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Web Letter

Has Hedges ever read Barak Obama's speech? He should. When you get away from the excitement of the crowd and no longer hear the excellent delivery, you are left with general feel-good rhetoric.

Most of Obama's independent and college-age supporters know little about his positions. Of course, the special interest groups understand that they will get more government assistance if he is elected President.

Here is the future: independent political action committees will spend a billion dollars on attack ads exposing Obama for promising so much to low-income citizens, college students, unions and illegal immigrants. When the total bill is added up it will scare away his independent support.

Consequently, Obama will be the easier Democrat for McCain to defeat.

Hillary--warts and all--can win. All she has to do is run as a moderate Democrat. I know, Hedges hates Bill Clinton.

Personally, I support Bloomberg for President. Imagine, a proven leader who solves problems without deficit spending.

Incidentally, Obama's one speech was written with the help of Ted Stevensen. Remember him? He was also the speech writer for John F. Kennedy.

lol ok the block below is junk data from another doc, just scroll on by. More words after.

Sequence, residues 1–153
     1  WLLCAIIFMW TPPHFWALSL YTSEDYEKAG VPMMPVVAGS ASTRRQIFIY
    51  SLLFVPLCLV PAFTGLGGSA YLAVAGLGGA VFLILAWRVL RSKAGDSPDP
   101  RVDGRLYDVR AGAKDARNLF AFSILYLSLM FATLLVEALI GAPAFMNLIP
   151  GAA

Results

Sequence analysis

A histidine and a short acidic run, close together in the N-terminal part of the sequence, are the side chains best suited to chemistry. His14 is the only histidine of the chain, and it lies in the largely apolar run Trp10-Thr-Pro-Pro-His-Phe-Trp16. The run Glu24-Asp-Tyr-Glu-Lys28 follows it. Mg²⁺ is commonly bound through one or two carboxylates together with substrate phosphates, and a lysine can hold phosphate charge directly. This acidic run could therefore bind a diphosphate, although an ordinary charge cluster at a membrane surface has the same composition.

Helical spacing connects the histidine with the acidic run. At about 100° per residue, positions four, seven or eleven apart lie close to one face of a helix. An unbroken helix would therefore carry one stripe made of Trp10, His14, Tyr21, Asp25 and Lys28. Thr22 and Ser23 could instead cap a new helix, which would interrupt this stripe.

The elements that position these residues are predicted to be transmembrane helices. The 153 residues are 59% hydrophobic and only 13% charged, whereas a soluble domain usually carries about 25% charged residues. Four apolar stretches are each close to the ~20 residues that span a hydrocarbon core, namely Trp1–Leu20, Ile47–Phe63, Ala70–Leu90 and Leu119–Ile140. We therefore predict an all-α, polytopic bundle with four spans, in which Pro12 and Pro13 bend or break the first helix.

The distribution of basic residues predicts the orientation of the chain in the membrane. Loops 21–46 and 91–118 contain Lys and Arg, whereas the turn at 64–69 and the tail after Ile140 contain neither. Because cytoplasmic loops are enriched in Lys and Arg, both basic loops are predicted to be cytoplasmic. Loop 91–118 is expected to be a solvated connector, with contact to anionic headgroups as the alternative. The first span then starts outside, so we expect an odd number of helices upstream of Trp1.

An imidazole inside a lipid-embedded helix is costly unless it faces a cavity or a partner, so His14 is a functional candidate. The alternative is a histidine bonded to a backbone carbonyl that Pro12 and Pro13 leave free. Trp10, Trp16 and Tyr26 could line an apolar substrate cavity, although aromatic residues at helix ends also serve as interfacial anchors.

Bill Hawkins

Dunedin, FL

Feb 8 2008 - 10:56pm

Web Letter

1. It is a mistaken notion that our only vote choices are Obama or Clinton. Those who want real change should vote only for candidates who would seek real change, regardless of party status or even whether they're officially on the ballot. The system can just ignore anyone who claims to be for change but who votes for candidates who are basically more of the same, as these are. By saying progressives are split between Obama and Clinton, you are saying anyone who wants real change is not progressive. This doesn't make sense to me--a true definition of progressive would include those who are not supporting establishment candidates. Neither Obama or Clinton would bring to fruition a progressive majority, because neither is progressive. Someone is not going to build a movement whose ideals they oppose. Obama has some very nice rhetoric, but since elected to the Senate has not come out for any meaningful change on anything whatsoever.